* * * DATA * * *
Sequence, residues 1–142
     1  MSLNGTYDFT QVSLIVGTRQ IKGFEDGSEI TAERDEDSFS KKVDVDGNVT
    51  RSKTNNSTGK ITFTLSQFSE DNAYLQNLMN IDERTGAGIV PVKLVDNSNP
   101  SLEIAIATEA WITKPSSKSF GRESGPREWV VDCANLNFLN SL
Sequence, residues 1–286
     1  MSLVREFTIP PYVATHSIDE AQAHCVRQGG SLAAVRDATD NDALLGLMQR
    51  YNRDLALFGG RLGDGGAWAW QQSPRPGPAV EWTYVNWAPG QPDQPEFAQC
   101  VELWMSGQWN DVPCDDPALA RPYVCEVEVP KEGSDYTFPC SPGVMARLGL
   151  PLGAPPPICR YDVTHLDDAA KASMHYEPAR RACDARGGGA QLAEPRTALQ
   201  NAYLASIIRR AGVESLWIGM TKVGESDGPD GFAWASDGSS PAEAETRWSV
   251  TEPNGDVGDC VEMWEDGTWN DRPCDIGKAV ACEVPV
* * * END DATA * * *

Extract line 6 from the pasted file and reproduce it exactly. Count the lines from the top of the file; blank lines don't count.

     1  MSLVREFTIP PYVATHSIDE AQAHCVRQGG SLAAVRDATD NDALLGLMQR